Years ago, Barry Perkins brought his trumpet south of the border.
Unlike most Americans who just travel to Mexico for tequila-filled good times, he went for a job, and a prestigious one at that: a seat in the Mexico City Philharmonic.
The audition went well, and Perkins won the position: associate principal trumpet.
He was only 20 years old.
Perkins' remarkably early entry into the ultra-competitive classical music world — and in a major orchestra, no less — was quite the feat.
On top of that, he was in a foreign country with a foreign language. But for the 20-year-old, the Spanish-language rehearsals weren't the toughest thing. After all, many musical terms are universal worldwide.
"I could get through a rehearsal," Perkins said. "At first, it was taking a taxi that was the hardest part, getting to and from rehearsal. My first taxi ride was just a disaster."
Perkins had a piece of paper with him that contained what he was supposed to say. His rehearsal hall had a complicated name, and as he as tried to rattle it off, the cabbie soon figured he was one of "the Americans up the street" and knew just where to take him.
Today, Perkins is the principal trumpet player for the Pacific Symphony, a position he's held since 2004. The 41-year-old Irvine resident's musical journey, like many musicians, started early and bears a family connection.
Born in Rochester, N.Y., Perkins and his family moved around a few times before they finally settled in Irvine when Perkins was in eighth grade. His father, a research chemist, was also a trumpet player — so it's no surprise that he wanted to teach young Barry the ways of the heralding brass instrument.
"Before he got home from work, we had to practice trumpet and piano," Perkins said. "My dad gave me lessons since I was 5 years old."
Not fully content with chemistry, Perkins' father opened a music shop — Perkins Music Center — in Irvine's Northwood neighborhood in 1984.
"My dad was always musically inclined," Perkins said. "When we moved to Irvine, he still worked as a research chemist, but he started a music store business just to keep his connections. I was in high school, and everybody from my high school shopped at Perkins Music Center. He wanted to get back into music, and I think that was his avenue."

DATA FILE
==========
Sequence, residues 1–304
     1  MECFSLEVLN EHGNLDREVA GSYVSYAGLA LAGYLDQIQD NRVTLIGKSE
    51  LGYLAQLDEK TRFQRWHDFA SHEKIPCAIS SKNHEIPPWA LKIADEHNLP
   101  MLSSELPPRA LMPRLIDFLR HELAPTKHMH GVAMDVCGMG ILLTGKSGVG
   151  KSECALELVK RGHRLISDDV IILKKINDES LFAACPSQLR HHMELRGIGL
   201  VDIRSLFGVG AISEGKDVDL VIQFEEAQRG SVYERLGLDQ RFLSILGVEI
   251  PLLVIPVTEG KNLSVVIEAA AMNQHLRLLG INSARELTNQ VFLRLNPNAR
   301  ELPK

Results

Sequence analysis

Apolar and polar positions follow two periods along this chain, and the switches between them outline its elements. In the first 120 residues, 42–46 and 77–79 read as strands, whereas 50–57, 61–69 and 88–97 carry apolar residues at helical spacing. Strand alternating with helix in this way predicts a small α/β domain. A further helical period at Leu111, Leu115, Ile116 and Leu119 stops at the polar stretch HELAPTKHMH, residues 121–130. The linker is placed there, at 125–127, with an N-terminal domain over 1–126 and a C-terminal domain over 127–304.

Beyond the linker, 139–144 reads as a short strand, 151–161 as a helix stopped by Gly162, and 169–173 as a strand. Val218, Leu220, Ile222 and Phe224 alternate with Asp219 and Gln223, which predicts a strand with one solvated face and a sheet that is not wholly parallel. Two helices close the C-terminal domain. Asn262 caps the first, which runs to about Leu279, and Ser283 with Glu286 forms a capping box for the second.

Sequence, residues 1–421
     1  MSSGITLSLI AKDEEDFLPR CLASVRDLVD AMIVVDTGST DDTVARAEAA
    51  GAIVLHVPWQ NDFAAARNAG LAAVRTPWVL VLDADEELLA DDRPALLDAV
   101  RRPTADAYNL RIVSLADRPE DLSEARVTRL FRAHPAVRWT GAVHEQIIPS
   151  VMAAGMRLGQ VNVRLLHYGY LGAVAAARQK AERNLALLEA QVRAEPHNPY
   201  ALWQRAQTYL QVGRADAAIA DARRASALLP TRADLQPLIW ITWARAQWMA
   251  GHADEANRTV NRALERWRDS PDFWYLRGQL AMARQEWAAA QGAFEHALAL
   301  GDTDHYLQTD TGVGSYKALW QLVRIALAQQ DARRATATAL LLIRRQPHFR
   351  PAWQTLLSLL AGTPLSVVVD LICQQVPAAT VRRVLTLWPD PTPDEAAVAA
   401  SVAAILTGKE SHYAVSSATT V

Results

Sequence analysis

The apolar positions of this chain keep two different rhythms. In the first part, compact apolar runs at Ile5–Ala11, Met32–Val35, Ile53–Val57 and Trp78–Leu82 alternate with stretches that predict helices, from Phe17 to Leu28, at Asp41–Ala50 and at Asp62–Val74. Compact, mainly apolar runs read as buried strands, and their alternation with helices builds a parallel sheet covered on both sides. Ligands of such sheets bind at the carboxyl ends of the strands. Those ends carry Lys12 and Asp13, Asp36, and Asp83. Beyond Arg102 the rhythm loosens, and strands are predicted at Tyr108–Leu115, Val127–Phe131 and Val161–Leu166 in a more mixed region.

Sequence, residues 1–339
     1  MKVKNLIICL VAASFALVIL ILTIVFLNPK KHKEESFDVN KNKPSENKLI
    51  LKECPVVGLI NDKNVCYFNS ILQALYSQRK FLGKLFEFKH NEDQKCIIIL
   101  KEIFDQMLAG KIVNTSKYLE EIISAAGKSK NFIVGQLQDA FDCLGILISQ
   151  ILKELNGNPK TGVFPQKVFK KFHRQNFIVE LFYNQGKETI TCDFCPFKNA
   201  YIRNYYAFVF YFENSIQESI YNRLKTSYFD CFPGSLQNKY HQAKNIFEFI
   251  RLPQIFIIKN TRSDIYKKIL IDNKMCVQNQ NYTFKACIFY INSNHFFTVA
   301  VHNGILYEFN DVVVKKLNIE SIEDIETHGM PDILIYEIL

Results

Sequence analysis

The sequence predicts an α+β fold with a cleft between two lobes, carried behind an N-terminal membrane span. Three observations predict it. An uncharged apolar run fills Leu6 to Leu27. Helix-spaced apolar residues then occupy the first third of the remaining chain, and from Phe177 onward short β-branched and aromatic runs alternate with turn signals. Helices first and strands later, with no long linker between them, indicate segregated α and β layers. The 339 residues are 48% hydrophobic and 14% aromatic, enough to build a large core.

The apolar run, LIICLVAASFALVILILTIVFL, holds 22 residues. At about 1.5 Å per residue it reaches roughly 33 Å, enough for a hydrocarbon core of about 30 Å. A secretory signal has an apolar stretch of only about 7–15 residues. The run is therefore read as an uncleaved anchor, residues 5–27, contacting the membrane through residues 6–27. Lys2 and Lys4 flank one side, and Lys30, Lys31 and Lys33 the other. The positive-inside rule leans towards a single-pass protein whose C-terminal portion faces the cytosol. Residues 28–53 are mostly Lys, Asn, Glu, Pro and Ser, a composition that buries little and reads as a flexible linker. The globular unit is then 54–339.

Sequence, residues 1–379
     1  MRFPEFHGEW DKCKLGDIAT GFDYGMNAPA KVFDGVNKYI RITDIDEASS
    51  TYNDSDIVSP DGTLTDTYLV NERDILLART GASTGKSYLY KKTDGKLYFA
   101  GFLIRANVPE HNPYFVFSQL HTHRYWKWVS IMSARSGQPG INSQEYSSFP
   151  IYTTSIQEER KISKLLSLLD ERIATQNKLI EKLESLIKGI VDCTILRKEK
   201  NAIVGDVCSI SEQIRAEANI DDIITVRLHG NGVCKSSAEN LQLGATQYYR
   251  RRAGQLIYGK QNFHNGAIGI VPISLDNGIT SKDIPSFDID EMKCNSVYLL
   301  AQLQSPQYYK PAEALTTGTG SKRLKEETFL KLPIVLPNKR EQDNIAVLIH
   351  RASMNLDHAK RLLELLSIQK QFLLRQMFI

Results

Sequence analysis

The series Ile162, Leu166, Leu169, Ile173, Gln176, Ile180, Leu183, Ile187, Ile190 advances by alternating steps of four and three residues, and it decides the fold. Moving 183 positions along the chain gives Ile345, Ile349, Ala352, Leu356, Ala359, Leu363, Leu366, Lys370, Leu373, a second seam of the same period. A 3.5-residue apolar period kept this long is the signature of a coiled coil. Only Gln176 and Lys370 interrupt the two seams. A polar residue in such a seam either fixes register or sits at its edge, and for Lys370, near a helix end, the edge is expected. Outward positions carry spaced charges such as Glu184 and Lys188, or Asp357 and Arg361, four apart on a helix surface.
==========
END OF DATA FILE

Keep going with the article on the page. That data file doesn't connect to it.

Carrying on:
It was a family affair. Young Barry even had to clean the violins.
"My mom would run the store during the day, and after work my dad would come in and give lessons," he said.
Perkins attended Irvine High School, studying with Richard Birkemeier and Donald Green of the L.A. Philharmonic. After high school, Perkins attended the New England Conservatory in Boston to study with Charles Schlueter (formerly of the Boston Symphony) before winning his job in Mexico. But at the time, he wasn't entirely sure he should accept it.
"I had a choice to make," Perkins said. "I basically asked my teacher: 'What do I do? Do I stay here and study with you? Do I take the job?' My teacher said, 'See you later.'"
Perkins said his teacher knew full well the value of professional playing over the collegiate. In college, groups generally play maybe a dozen pieces a year. On a full-time orchestra job, musicians play new repertoire every week.
He stayed with the Mexico City Philharmonic from 1990 to 1995, during which time the orchestra toured the country.
"We didn't see Acapulco and the touristy places," Perkins said. "We went into the regions and different cities I wouldn't have visited otherwise."